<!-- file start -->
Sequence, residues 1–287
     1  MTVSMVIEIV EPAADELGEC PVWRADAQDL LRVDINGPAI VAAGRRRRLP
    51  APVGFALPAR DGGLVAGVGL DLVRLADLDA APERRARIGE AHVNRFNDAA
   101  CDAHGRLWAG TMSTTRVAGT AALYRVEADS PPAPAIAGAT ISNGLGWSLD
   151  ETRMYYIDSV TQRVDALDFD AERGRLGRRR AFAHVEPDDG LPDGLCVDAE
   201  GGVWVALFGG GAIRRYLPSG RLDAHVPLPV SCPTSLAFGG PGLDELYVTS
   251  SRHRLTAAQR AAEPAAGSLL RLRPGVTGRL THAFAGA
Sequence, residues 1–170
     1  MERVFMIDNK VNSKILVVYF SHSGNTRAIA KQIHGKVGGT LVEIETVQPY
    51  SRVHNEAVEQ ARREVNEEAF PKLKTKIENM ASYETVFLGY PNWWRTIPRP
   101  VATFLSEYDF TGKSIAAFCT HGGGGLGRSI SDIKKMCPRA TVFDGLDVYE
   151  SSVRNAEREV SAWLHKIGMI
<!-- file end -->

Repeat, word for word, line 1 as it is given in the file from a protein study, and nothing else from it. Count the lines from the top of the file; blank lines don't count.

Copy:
Sequence, residues 1–287